On Eurobonds and Germany

According to "The Economist", Germany considers Eurobonds with horror, since they would be a big sacrifice for the creditworthy nations of the euro area. Stuart Holland turns down this argument. 

In regard to the issue of Eurobonds, The Economist” (August 20) wrote: “Until now the countries that call the shots in the euro area—those with strong public finances, notably Germany—have viewed Eurobonds with horror. They have two main objections. First, the pooling of public debt in the 17 member states would raise the interest rates paid by the most creditworthy while lowering them in countries with weaker fiscal positions... Second, Eurobonds would remove the pressure on improvident governments to put their public finances in order.”

On the other side, the paper mentioned the Bruegel Institute proposal, according to which each country could transfer to the European Debt Agency its debt until 60 per cent of GDP, while countries would retain national responsibility for debt above the 60% threshold. Concerning this proposal, The Economist argues that “Eurobonds would be a big sacrifice for the creditworthy nations of the euro area. The question for Germany in particular is whether this is a price worth paying to save the euro. The question for the other members of the monetary union is whether they can tolerate the much greater centralisation of fiscal policy that Germans would demand, as a bulwark against renewed budgetary indiscipline, in exchange for agreeing to Eurobonds.

Here Insight publishes a comment by Stuart Holland.

Roosevelt, Delors and Eurobonds     

In a report to Jacques Delors in 1993 I proposed the EU bonds which he then recommended in his White Paper Growth, Competitiveness, Employment. But unlike the Breugel Institute case (‘An unpalatable solution: Eurobonds could restore confidence, but at a cost’, The Economist, August 20) the bonds in the proposal to Delors did not need guarantees by member states, nor fiscal federalism, nor the debt buy-outs into which the European Financial Stability Facility and the ECB now are drifting. It drew on the Roosevelt New Deal which financed recovery through bonds without guarantees from member states of the American Union such as California or Delaware, or buying out their debt. Servicing the bonds would not need a US style fiscal policy but be funded by revenues from project finance as European Investment Bank bonds have been since 1958.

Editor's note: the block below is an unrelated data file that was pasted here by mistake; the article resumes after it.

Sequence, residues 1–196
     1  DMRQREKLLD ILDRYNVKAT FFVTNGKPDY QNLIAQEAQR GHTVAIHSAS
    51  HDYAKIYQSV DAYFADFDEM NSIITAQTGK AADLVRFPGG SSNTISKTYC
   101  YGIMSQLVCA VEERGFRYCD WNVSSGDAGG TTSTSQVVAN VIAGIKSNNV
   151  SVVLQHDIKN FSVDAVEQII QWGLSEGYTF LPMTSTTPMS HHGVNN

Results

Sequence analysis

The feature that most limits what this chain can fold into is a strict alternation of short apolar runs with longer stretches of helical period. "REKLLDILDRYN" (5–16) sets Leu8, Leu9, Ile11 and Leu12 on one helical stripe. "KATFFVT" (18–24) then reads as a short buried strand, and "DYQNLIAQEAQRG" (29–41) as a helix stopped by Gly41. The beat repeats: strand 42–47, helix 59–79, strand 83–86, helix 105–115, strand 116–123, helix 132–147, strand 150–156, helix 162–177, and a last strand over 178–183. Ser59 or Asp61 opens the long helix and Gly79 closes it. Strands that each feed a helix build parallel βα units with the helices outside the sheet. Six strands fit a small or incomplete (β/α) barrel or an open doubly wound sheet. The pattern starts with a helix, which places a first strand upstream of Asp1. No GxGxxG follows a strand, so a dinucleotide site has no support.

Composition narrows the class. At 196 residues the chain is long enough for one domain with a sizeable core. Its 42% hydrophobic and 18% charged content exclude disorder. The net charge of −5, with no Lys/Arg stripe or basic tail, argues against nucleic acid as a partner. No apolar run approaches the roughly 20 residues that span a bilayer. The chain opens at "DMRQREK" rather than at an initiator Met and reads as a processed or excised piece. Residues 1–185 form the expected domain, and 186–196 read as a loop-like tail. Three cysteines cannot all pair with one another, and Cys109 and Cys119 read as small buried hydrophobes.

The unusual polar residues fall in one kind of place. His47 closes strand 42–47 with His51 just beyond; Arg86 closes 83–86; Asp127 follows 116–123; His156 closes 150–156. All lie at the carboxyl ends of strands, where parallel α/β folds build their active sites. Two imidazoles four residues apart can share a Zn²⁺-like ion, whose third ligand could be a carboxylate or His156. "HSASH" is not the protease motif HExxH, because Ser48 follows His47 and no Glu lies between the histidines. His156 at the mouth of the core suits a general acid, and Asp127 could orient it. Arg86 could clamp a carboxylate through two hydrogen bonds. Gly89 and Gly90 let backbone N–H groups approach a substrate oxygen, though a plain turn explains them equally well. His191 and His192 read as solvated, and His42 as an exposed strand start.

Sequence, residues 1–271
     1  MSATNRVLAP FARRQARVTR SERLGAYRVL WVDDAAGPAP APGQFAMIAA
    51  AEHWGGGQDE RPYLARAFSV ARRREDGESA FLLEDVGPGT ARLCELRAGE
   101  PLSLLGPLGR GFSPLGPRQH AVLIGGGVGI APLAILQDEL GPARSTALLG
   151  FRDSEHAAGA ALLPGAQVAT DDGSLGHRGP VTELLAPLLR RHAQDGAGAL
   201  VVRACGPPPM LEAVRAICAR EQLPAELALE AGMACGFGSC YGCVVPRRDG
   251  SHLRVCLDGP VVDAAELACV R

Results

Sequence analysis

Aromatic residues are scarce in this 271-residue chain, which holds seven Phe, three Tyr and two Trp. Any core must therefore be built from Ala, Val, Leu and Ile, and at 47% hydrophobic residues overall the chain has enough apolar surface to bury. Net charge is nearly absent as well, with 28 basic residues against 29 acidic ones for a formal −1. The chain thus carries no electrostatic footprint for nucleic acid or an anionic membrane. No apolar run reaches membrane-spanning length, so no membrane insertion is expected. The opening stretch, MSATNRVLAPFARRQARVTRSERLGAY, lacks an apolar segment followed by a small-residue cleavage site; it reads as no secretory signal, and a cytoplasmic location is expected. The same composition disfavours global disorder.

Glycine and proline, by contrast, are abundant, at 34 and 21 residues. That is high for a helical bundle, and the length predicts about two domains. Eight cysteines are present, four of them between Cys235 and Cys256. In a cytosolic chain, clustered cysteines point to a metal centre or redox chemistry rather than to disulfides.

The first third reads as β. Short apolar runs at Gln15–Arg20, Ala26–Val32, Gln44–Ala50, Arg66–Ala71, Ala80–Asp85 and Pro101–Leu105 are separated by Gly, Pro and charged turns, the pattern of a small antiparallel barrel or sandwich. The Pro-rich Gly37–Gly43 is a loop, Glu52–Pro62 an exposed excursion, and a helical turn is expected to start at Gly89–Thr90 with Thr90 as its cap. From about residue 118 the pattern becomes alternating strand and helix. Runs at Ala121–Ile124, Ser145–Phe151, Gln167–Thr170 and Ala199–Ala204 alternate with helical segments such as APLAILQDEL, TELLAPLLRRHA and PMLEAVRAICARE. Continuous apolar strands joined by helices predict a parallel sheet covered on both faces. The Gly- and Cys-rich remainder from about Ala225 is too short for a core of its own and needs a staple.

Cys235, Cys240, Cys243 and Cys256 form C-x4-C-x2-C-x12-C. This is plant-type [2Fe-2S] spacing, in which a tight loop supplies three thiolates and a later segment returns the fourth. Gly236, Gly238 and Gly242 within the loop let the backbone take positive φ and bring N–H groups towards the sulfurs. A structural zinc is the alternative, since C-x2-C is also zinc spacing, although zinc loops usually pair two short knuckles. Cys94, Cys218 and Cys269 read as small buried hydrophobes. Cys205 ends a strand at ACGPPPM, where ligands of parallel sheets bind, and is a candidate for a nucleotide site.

The case recognised that if nation states became regions in a single currency area they could not devalue to adjust trade imbalances. Bonds issued by a European Investment Fund would recycle surpluses to sustain cohesion and also enhance competitiveness by venture capital for small and medium firms. In 1994 France and Germany blocked the bonds and the European Investment Fund was reduced to guaranteeing rather than issuing equity, which was ineffective. Yet European bonds now could stabilise debt, fund recovery and finance a major EU venture capital fund.

If a Maastricht compliant share of national bonds of up to 60% of GDP were converted to Union bonds and held in a debit account which - unlike the Breugel proposal - was not traded these could not be destabilised by rating agencies.  Each member states would service its share of them without needng mutual guarantees. This could be matched by net issues of Eurobonds which would be traded but no more need the guarantees or fiscal transfers or debt buy-outs to which Angela Merkel is opposed than does the European Investment Bank which has issued its own bonds for fifty years without them and now is more than twice the size of the World Bank. 

EIB bond finance is not counted on national debt by any major Eurozone member state, nor by Ireland, Greece or Portugal. Similarly, Eurobonds need not count on national debt. They would attract surpluses from sovereign wealth funds and the central banks of the emerging economies which would be financial inflows to the EU rather than fiscal transfers between member states. They could be serviced by revenues from co-funding EIB investment projects in a European recovery programme. The EU therefore does not need to wait for fiscal federalism to issue its own bonds while, with them, governments could govern and avoid austerity rather than rating agencies rule.

(This comment was been sent  as a letter on August 23rd to The Economist, but not published.)

Stuart Holland

Formerly adviser on European affairs to Harold Wilson, Jacques Delors and Antonio Guterres. Currently Visiting Professor in the Faculty of Economics of the University of Coimbra. His new book "Europe in Question – and what to do about it" is published as an eBook by Spokesman Press and available on Amazon.